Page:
Wednesday, December 5, 2012

The G Disc

It has several different names, but it all serves the same purpose -- the G disc, G donut, or high E facilitator.  Some flutes have a G disc, some have a split-E mechanism, and some flutes have neither.  We recently saw two Powell flutes in the repair shop with G discs that had different shapes.  The "donut" shape is an older style, and the "crescent" shape is the design that Powell switched to about 20 years ago.  The G disc helps facilitate the high E by limiting the amount of air that comes out of the tone hole -- because the key cup is open when you are playing the high E.  If you have a split-E mechanism, when it is engaged, the mechanism lowers the key cup slightly to help limit the amount of air coming out of the tone hole.  Reducing the amount of air coming through the tone hole via a G-disc or split-E mechanism is often times referred to as "venting" the high E.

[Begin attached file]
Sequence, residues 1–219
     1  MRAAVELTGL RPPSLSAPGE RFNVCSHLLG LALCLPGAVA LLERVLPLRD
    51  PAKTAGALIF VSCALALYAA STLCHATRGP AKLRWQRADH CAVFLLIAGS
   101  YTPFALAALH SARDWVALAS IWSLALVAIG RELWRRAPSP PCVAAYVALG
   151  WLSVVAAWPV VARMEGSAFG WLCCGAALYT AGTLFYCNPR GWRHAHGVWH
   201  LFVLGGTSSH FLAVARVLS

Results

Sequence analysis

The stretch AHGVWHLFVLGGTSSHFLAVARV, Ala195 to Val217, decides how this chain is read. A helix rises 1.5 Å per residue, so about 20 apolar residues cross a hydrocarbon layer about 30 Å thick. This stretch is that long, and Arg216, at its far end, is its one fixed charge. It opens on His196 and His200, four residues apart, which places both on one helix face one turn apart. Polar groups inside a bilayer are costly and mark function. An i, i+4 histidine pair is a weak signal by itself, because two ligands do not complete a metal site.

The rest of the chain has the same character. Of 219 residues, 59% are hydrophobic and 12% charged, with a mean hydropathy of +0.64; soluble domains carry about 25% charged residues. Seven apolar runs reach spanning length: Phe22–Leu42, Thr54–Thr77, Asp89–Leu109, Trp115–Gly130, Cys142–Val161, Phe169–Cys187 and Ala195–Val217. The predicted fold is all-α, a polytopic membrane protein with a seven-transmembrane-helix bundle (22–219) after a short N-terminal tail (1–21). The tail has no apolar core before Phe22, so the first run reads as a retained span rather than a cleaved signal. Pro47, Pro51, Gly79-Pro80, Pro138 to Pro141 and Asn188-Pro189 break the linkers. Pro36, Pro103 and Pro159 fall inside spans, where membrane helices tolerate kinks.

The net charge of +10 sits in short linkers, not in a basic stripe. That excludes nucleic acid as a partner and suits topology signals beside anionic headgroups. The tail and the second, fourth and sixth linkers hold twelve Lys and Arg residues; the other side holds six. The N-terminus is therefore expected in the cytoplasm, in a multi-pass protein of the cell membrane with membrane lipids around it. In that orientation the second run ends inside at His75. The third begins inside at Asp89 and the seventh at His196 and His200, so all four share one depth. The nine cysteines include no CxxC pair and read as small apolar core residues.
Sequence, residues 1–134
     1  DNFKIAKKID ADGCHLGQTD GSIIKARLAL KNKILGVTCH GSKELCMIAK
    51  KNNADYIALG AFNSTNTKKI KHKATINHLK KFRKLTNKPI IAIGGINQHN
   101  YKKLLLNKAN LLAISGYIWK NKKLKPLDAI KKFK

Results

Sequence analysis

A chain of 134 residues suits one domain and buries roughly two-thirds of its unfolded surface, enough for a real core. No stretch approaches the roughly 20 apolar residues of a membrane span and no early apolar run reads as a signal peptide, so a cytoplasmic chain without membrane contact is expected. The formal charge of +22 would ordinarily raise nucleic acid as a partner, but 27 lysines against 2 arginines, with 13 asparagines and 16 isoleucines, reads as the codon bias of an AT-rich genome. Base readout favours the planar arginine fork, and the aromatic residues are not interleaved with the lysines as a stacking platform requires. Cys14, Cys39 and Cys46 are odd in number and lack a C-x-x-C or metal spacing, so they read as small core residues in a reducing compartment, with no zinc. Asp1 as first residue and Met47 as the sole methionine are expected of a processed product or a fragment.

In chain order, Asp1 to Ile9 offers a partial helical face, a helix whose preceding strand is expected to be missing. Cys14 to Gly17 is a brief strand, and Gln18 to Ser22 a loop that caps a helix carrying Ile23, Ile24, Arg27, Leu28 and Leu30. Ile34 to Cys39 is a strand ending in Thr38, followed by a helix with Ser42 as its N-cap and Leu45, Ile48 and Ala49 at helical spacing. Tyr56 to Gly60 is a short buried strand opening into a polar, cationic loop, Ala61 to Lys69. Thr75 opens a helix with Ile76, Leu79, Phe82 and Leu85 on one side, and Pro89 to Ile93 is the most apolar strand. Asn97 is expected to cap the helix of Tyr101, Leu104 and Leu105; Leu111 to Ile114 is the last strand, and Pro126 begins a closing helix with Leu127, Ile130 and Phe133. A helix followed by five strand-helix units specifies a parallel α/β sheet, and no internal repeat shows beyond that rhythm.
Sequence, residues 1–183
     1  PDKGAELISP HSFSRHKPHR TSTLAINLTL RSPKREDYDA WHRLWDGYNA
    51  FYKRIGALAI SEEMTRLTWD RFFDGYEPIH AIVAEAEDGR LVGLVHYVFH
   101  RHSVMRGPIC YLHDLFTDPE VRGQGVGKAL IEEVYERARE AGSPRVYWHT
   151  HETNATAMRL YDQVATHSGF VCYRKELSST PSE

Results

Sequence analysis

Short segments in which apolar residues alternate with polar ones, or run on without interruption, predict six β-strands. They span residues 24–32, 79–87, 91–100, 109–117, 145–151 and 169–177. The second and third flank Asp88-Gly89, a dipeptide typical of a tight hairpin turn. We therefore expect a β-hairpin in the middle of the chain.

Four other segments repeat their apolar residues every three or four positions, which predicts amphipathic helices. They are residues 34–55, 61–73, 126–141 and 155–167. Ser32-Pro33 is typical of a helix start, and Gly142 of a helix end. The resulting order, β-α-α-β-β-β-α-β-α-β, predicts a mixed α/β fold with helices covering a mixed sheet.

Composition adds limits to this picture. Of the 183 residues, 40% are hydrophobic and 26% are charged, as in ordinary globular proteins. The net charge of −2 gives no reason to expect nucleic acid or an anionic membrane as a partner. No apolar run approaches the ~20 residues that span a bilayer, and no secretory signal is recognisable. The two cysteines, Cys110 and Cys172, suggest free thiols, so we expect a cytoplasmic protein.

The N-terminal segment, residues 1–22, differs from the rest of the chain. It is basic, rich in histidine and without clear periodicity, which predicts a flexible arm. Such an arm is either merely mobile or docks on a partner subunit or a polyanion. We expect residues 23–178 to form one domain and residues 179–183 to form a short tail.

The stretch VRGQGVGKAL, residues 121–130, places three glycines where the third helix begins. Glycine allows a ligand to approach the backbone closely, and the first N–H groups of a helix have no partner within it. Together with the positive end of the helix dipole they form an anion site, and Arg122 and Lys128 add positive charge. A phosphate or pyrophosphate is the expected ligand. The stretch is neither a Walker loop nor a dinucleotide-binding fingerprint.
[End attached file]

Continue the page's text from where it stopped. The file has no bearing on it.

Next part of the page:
As mentioned above, some flutes do not have any additional type of device or mechanism to facilitate the high E, because it is really a matter of the player's preference.  However, if one is in place, your flute would either have a G disc or a split-E mechanism -- not both.  If your flute does not have any type of high E facilitator and you are interested in getting a G disc put in, that is not a problem at all.  The repair shop at Powell can add one to your flute for roughly $70.  We realize there is debate on the G disc.  Many people find it very helpful in venting a high E.  In the case of intonation, some people find that it is an improvement, and others have the opposite view -- yet there are so many additional variables in what can effect intonation, so it all depends on the player and his/her equipment.  If you are interested in having a G disc installed, or if you have any additional questions, feel free to contact Rachel Baker in our repair shop at, and she'd be happy to help!

Red arrow points to older G disc design, yellow arrow points to current design.
Yellow arrow points to key that has a G disc in the tone hole.

With the G disc in place, the yellow arrow points to the open area of the tone hole. 

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